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    Bulk Foods Goes Mainstream

    There are three key reasons that bulk foods are poised to become a bigger seller in supermarkets across the country, says the Bulk Is Green Council: They are typically less expensive per ounce than their packaged counterparts; you can buy only what you need; and the lack of packaging is as green as it gets.

    There are three key reasons that bulk foods are poised to become a bigger seller in supermarkets across the country, says the Bulk Is Green Council: They are typically less expensive per ounce than their packaged counterparts; you can buy only what you need; and the lack of packaging is as green as it gets.

    Long a staple of natural and organic food stores, bulk foods are becoming a popular addition to the offering of conventional food stores, according to the Bulk Is Green Council. “At one time, virtually all of our business came from natural and organic grocers, but that’s changing fast,” said Scott Johnson, a member of the Bulk Is Green Council and president and CEO of Trade Fixtures, a manufacturer of bulk food merchandising systems. “Today, 50 percent of our systems are being installed at conventional food stores that are adding or enlarging bulk food departments.”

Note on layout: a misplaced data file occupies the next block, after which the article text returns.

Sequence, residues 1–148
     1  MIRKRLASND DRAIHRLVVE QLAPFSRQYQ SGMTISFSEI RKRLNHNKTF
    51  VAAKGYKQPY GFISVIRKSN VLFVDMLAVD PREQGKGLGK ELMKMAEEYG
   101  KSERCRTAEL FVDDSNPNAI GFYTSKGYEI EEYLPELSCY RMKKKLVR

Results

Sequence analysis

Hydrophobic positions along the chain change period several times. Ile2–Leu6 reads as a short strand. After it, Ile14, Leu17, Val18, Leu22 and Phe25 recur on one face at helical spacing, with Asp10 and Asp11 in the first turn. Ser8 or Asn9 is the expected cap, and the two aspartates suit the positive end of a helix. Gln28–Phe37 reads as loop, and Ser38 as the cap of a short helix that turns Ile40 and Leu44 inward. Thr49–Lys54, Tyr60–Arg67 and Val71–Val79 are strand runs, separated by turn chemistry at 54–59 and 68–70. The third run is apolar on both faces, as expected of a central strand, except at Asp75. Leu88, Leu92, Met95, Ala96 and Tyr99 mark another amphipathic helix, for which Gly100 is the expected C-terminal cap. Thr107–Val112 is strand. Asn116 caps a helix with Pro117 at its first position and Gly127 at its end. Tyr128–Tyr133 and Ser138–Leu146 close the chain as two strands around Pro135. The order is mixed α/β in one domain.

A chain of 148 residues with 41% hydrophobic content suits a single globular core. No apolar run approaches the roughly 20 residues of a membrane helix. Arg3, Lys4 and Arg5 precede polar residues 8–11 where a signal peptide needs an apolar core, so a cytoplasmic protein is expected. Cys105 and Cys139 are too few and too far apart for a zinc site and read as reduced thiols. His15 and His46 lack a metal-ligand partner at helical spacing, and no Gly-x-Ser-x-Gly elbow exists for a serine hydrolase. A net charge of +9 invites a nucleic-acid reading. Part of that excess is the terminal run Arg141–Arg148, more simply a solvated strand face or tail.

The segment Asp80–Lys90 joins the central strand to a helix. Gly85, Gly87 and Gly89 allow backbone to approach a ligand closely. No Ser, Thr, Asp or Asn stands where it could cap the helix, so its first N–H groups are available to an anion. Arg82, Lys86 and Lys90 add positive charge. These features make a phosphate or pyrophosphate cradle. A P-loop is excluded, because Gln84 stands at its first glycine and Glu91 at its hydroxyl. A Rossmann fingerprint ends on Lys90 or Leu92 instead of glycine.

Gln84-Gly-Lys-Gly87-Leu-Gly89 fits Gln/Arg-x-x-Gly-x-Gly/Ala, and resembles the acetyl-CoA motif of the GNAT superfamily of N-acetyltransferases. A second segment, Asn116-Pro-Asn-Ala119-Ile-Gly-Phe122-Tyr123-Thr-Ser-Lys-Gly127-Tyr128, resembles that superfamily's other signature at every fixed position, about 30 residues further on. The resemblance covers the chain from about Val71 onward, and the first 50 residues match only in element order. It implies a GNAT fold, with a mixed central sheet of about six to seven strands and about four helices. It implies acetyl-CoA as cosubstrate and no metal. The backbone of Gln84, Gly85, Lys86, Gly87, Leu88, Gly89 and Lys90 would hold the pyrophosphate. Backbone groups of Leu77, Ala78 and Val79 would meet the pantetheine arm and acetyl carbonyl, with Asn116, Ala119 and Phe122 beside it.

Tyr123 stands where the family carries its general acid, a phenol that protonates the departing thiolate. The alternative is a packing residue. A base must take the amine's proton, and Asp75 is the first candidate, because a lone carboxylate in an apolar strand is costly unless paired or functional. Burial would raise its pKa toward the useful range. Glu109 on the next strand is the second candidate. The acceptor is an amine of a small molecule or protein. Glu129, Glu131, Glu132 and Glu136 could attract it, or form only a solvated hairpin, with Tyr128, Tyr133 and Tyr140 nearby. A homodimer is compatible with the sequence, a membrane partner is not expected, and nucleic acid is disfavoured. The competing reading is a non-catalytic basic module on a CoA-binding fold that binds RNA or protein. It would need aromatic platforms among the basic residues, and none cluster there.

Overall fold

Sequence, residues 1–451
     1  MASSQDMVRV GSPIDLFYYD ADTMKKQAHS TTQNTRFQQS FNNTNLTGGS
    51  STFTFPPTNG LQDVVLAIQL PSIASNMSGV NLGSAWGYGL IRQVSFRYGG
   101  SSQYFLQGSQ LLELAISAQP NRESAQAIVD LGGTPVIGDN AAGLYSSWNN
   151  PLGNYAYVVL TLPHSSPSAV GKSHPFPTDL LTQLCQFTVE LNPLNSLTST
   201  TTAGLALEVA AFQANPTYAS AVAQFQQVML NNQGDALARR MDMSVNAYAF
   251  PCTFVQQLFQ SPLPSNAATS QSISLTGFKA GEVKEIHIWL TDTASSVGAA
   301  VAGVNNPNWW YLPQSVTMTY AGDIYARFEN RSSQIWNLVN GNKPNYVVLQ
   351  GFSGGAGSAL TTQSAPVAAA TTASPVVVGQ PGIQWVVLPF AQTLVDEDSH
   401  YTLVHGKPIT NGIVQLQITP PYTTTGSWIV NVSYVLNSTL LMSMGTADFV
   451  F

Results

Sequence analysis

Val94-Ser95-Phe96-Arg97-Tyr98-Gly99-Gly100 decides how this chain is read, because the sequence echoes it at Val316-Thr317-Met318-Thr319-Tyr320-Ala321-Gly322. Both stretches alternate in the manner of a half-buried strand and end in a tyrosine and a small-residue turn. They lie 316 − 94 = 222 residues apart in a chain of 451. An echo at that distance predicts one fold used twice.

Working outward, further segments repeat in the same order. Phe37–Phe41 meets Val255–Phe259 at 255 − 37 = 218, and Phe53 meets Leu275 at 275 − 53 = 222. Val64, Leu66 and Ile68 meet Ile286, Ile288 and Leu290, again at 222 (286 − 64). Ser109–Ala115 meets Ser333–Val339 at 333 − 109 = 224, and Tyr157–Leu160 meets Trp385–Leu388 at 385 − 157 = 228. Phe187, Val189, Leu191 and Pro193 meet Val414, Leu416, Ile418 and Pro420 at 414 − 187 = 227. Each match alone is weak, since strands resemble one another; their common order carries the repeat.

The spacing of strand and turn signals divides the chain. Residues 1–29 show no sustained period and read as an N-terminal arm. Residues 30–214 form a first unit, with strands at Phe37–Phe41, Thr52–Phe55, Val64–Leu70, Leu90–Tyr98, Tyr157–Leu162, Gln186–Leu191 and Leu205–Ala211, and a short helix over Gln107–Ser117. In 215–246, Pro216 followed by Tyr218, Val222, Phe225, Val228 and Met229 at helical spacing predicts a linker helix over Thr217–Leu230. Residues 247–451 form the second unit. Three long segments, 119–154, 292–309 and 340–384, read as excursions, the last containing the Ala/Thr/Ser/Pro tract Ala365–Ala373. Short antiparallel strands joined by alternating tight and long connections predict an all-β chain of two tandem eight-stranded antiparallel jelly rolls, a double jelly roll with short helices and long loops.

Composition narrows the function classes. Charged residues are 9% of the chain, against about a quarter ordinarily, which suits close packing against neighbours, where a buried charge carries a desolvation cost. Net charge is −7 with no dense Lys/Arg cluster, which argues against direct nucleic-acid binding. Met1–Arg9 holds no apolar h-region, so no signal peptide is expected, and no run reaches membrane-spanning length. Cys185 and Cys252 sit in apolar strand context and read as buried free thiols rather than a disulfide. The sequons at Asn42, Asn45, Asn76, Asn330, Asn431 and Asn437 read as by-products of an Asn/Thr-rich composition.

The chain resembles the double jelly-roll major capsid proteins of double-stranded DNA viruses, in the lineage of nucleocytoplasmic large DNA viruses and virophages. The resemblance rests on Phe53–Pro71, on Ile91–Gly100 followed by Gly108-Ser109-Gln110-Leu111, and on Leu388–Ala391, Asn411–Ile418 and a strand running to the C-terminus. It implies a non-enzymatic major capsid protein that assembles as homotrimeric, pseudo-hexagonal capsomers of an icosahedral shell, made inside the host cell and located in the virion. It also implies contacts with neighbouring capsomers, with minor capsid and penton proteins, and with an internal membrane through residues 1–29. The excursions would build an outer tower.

An advocacy organization to help consumers, food manufacturers and grocers learn about the environmental and economic benefits of bulk foods, the Bulk Is Green Council also includes Clint Landis of Frontier Natural Products Co-op, Sarah Galusha of the Hain Celestial Group, Morty Cohen of SunRidge Farms and Aaron Anker of GrandyOats. 

    The Incredible Bulk
    When it comes to “green” appeal, bulk foods offer a mountain of selling points, says the Bulk Is Green Council, which touts the following benefits:

    1.    Bulk goods require less overall transportation to deliver to consumers. There’s no packaging production involved and the transportation of bulk product to retailers is efficient because it can be packed more densely on a truck.

    2.    No packaging means a smaller carbon footprint. The manufacture of paper and cardboard for product packaging uses energy; it can impact our forest resources, and result in CO2 emissions pumped into our atmosphere.

    3.    Bulk allows consumers to buy only what they need. Food packaging may limit a consumer’s ability to buy only what they want, which may in turn result in food waste.

    4.    Less labor at retail. In a grocery store, packaged products require more labor to ensure fresh product. Shelves must constantly be rearranged.

    5.    With bulk, product density at the store level can be significantly higher. This allows retailers to provide a wider variety of foods in the same space.

    More information about the Bulk Is Green Council is available at www.bulkisgreen.org.

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